Terrestrial Hydrology Research Group

Princeton University

Long-Term Evapotranspiration Product for Mexico from Remote Sensing



Evapotranspiration (ET) data have been generated for Mexico using a remote-sensing based Penman-Monteith approach. Inputs are derived from the ISCCP dataset which is downscaled from 2.5deg to 0.125deg using statistical relationships with the NARR. Vegetation distribution and LAI are taken from AVHRR databases. Canopy resistance is based on minimum values for each vegetation type and is modified by LAI and near surface humidity and minimum temperatures. Soil evaporation is also calculated.

The data are calculated daily on a 0.125deg grid for Mexico. The data are available in GraDS format which is a simple flat 4-byte binary (.bin) with a data descriptor file (.ctl) which contains details of the domain and dimensions.

Four variables are given:

  • et: actual evapotranspiration (mm/day)
  • pe: potential evapotranspiration (mm/day)
  • etref: reference crop (short clipped grass) evapotranspiration (mm/day)
  • rnet: net radiation (W/m^2)

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    The dataset is freely available but we ask that you leave a few details about yourself and how you intend to use the dataset. Also, please cite the reference below if you use the data.

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    Jun 6 2011
    Dataset uploaded to webserver...

    Sheffield, J., E. F. Wood, and F. Munoz-Arriola, 2010: Long-term regional estimates of evapotranspiration for Mexico based on downscaled ISCCP data. J. Hydrometeor., 11(2), 253-275.


    The development and evaluation of a long-term high-resolution dataset of potential and actual evapotranspiration for Mexico based on remote sensing data are described. Evapotranspiration is calculated using a modified version of the Penman–Monteith algorithm, with input radiation and meteorological data from the International Satellite Cloud Climatology Project (ISCCP) and vegetation distribution derived from Advanced Very High Resolution Radiometer (AVHRR) products. The ISCCP data are downscaled to ⅛° resolution using statistical relationships with data from the North American Regional Reanalysis (NARR). The final product is available at ⅛°, daily, for 1984–2006 for all Mexico. Comparisons are made with the NARR offline land surface model and measurements from approximately 1800 pan stations. The remote sensing estimate follows well the seasonal cycle and spatial pattern of the comparison datasets, with a peak in late summer at the height of the North American monsoon and highest values in low-lying and coastal regions. The spatial average over Mexico is biased low by about 0.3 mm day−1, with a monthly rmse of about 0.5 mm day−1. The underestimation may be related to the lack of a model for canopy evaporation, which is estimated to be up to 30% of total evapotranspiration. Uncertainties in both the remote sensing–based estimates (because of input data uncertainties) and the true value of evapotranspiration (represented by the spread in the comparison datasets) are up to 0.5 and 1.2 mm day−1, respectively. This study is a first step in quantifying the long-term variation in global land evapotranspiration from remote sensing data.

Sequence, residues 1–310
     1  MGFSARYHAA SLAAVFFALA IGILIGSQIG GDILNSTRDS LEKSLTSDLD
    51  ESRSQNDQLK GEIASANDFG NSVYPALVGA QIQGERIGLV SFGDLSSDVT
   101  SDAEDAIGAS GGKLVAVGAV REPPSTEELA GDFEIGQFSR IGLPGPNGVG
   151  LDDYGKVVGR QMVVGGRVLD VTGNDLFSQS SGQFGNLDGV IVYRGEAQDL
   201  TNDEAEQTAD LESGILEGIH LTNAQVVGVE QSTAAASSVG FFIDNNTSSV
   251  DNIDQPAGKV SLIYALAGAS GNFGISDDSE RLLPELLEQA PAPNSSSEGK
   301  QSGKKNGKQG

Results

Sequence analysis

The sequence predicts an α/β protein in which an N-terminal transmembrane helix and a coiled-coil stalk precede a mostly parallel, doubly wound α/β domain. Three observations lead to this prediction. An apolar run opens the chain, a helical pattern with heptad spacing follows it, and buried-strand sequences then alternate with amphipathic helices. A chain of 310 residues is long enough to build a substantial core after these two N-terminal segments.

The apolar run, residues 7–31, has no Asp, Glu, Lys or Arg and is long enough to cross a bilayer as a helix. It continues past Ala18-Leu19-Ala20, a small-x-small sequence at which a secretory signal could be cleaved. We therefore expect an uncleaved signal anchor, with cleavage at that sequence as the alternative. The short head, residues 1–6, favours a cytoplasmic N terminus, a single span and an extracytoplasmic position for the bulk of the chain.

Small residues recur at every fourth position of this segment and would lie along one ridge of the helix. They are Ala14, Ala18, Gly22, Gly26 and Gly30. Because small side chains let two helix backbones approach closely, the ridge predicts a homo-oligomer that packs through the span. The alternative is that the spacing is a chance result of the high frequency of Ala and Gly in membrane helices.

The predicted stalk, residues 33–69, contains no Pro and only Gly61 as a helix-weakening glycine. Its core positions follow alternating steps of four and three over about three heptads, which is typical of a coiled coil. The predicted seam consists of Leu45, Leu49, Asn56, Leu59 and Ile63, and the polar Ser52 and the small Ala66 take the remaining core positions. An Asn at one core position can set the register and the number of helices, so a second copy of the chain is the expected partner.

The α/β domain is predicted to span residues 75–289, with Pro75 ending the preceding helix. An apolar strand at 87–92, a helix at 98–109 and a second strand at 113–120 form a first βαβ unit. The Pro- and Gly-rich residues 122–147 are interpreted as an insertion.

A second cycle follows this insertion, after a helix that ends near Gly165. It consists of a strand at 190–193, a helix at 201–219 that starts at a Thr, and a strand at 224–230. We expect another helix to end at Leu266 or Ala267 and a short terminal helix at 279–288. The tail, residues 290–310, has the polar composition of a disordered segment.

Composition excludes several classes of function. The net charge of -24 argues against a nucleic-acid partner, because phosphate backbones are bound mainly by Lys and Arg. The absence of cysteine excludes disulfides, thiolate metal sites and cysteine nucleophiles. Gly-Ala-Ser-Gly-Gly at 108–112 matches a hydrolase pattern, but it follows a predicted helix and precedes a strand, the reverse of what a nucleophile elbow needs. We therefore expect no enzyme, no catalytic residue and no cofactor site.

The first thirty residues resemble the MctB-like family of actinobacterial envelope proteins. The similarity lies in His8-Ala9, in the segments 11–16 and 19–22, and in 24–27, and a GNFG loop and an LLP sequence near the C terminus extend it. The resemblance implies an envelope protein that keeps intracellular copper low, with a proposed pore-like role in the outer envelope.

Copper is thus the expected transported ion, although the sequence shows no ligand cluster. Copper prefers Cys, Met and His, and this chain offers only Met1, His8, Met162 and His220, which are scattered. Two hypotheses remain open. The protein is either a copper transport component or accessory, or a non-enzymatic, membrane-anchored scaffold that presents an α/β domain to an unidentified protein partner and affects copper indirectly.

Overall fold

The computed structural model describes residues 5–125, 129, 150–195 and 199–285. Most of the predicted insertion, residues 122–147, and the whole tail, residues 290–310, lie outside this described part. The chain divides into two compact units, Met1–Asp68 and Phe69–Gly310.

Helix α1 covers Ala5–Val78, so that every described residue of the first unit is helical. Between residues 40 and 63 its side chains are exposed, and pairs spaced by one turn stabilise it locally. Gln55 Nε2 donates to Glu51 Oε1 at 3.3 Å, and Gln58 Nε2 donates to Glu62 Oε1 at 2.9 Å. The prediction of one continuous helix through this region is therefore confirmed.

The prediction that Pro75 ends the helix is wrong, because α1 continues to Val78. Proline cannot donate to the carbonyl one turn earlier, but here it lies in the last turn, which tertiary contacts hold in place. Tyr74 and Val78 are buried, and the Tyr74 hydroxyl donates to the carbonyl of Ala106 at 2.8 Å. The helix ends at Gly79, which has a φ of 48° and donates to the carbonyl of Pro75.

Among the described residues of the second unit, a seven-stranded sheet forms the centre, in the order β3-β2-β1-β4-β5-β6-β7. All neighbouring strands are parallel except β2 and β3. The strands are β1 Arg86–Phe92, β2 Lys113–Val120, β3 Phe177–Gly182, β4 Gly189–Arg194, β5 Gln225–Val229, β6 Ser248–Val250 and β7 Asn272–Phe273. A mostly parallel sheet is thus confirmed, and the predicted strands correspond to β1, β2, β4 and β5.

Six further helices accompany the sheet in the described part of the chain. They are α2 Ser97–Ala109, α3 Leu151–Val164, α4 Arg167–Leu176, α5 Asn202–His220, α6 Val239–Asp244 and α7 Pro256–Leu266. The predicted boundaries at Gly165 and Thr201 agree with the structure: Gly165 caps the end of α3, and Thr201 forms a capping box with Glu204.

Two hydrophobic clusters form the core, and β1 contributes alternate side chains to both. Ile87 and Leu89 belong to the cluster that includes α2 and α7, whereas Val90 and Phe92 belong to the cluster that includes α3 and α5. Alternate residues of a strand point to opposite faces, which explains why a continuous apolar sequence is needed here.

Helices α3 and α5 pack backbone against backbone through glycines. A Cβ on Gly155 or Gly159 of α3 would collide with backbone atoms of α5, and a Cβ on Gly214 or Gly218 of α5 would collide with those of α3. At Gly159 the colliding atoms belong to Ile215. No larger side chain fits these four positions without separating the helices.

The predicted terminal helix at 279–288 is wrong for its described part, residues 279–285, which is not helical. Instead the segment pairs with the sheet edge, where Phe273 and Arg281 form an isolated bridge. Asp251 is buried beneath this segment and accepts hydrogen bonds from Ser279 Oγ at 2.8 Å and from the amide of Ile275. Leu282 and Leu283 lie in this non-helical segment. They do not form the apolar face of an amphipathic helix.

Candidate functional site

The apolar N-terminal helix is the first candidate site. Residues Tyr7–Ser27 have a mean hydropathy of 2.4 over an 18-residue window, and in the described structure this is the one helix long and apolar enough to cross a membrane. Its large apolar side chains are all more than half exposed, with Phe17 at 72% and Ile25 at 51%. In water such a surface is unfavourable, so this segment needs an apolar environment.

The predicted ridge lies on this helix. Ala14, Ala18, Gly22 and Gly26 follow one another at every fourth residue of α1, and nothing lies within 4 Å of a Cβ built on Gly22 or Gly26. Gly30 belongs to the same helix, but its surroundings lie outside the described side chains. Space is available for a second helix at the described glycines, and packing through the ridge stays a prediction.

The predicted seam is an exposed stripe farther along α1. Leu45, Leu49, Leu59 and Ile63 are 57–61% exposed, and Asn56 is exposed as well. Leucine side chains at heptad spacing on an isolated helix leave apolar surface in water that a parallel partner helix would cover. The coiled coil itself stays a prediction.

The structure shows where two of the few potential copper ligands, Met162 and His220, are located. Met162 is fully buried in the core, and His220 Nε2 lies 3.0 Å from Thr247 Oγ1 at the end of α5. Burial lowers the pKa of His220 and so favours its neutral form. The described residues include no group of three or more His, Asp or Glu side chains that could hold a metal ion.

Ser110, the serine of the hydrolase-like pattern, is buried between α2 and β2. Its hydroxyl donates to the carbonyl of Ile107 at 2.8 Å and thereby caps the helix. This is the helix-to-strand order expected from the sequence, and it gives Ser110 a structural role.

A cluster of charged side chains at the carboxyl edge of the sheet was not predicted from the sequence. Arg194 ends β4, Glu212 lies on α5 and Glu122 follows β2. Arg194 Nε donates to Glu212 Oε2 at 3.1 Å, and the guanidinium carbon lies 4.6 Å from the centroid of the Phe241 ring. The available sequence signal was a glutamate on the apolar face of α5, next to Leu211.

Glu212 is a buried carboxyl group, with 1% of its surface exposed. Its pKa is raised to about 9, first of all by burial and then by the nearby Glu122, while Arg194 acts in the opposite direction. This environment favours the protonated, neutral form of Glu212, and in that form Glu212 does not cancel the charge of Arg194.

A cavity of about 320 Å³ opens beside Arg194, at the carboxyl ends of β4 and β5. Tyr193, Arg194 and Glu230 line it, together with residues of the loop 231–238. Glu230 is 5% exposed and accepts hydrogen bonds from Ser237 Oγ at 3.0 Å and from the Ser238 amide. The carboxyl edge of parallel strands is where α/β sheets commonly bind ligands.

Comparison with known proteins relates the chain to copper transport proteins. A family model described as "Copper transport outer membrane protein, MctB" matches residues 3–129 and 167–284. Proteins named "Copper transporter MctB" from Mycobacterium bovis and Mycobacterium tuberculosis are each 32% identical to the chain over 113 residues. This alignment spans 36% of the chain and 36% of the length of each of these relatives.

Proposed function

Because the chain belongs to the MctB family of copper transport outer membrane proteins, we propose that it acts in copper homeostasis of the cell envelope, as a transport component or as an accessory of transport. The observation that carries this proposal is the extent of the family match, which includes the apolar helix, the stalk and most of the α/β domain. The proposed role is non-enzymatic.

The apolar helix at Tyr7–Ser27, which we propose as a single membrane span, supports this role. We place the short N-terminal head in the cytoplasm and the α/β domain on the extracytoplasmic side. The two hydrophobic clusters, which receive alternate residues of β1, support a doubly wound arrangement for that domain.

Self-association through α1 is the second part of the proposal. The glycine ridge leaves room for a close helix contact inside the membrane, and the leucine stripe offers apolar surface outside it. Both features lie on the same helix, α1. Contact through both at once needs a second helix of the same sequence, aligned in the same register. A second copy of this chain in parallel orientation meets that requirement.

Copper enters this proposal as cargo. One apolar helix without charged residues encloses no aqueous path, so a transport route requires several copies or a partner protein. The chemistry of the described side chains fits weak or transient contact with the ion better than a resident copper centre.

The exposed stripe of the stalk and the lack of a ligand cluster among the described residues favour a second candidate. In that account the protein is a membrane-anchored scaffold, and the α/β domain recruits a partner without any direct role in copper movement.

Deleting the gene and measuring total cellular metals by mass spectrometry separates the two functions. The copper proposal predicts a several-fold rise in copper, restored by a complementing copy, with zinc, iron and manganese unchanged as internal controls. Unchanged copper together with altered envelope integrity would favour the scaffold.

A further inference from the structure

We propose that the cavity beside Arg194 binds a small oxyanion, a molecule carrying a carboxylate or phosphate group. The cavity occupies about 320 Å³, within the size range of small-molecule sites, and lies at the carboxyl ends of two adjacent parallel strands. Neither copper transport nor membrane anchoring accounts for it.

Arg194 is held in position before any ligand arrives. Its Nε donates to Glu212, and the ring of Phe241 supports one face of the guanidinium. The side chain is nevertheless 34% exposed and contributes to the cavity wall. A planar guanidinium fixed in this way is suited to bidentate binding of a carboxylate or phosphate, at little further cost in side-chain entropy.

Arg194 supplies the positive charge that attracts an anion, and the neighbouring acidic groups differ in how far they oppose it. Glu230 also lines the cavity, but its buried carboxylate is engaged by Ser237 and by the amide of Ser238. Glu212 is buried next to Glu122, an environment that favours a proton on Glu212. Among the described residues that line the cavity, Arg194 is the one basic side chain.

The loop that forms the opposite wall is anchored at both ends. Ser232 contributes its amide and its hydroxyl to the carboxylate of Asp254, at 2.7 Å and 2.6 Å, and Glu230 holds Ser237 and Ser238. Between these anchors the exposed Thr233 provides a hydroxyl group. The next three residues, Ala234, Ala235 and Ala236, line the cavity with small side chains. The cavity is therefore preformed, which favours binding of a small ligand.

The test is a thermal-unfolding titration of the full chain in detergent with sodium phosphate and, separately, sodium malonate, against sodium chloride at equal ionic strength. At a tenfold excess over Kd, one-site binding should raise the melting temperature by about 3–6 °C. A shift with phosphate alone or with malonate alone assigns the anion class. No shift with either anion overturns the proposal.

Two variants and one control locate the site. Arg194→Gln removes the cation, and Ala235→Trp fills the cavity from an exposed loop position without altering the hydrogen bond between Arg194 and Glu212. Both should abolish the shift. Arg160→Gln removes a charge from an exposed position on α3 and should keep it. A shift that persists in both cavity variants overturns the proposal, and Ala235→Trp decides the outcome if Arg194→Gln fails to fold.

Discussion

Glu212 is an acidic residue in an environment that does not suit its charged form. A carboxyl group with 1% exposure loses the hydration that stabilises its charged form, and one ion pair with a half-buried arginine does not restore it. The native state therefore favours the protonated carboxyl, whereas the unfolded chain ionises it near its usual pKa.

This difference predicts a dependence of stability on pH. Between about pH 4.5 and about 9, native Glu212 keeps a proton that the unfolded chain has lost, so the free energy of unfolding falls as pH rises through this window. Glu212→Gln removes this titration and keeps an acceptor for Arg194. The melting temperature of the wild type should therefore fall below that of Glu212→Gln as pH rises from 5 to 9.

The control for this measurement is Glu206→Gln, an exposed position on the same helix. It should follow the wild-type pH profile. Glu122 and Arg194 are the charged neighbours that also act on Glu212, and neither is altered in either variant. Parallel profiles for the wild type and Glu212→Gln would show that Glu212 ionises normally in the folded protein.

• The impact of a water droplet.

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